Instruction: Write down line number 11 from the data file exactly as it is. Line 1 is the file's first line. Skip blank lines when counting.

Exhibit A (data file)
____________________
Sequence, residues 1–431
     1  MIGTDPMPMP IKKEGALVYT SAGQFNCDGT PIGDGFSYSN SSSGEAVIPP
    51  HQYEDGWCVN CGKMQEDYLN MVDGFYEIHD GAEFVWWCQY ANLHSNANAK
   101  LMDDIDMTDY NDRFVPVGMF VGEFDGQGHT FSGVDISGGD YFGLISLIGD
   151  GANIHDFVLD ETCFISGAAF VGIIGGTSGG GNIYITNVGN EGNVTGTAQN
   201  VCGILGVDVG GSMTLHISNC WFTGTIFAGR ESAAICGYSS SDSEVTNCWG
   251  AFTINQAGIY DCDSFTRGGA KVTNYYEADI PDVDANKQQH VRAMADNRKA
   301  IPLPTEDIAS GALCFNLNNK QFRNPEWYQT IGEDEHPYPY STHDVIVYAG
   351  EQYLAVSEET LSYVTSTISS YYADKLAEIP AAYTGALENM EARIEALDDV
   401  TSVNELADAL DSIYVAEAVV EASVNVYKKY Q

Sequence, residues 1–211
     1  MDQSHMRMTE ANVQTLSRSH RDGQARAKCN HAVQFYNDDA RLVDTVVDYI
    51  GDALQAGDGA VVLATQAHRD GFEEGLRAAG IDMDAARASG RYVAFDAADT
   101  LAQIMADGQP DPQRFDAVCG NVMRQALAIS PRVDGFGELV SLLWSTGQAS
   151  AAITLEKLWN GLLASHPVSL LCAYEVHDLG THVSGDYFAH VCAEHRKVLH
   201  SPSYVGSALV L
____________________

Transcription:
Sequence, residues 1–211